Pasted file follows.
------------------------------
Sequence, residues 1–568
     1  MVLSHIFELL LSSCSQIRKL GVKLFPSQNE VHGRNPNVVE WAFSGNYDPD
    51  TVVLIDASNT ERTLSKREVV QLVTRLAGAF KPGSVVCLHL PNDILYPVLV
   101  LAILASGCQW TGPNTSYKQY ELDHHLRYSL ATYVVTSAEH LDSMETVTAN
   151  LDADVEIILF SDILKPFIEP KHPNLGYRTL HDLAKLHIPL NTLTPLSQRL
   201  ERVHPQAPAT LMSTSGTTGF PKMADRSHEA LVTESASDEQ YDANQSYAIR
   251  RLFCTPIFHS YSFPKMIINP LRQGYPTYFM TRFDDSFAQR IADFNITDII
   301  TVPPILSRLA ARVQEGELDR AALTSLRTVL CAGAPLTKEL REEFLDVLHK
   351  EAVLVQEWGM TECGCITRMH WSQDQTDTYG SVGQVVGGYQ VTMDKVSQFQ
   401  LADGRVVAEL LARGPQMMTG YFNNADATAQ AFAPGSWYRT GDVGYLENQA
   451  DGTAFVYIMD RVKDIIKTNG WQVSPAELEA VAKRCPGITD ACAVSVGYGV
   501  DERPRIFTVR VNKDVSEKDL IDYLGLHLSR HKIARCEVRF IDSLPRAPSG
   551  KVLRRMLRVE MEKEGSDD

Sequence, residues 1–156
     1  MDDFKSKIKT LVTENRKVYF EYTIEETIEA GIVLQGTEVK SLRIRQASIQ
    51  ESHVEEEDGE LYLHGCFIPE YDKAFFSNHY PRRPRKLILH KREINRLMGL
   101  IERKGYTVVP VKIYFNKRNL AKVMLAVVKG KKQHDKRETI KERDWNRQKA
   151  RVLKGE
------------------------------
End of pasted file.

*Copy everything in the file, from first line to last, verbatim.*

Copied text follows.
Sequence, residues 1–568
     1  MVLSHIFELL LSSCSQIRKL GVKLFPSQNE VHGRNPNVVE WAFSGNYDPD
    51  TVVLIDASNT ERTLSKREVV QLVTRLAGAF KPGSVVCLHL PNDILYPVLV
   101  LAILASGCQW TGPNTSYKQY ELDHHLRYSL ATYVVTSAEH LDSMETVTAN
   151  LDADVEIILF SDILKPFIEP KHPNLGYRTL HDLAKLHIPL NTLTPLSQRL
   201  ERVHPQAPAT LMSTSGTTGF PKMADRSHEA LVTESASDEQ YDANQSYAIR
   251  RLFCTPIFHS YSFPKMIINP LRQGYPTYFM TRFDDSFAQR IADFNITDII
   301  TVPPILSRLA ARVQEGELDR AALTSLRTVL CAGAPLTKEL REEFLDVLHK
   351  EAVLVQEWGM TECGCITRMH WSQDQTDTYG SVGQVVGGYQ VTMDKVSQFQ
   401  LADGRVVAEL LARGPQMMTG YFNNADATAQ AFAPGSWYRT GDVGYLENQA
   451  DGTAFVYIMD RVKDIIKTNG WQVSPAELEA VAKRCPGITD ACAVSVGYGV
   501  DERPRIFTVR VNKDVSEKDL IDYLGLHLSR HKIARCEVRF IDSLPRAPSG
   551  KVLRRMLRVE MEKEGSDD

Sequence, residues 1–156
     1  MDDFKSKIKT LVTENRKVYF EYTIEETIEA GIVLQGTEVK SLRIRQASIQ
    51  ESHVEEEDGE LYLHGCFIPE YDKAFFSNHY PRRPRKLILH KREINRLMGL
   101  IERKGYTVVP VKIYFNKRNL AKVMLAVVKG KKQHDKRETI KERDWNRQKA
   151  RVLKGE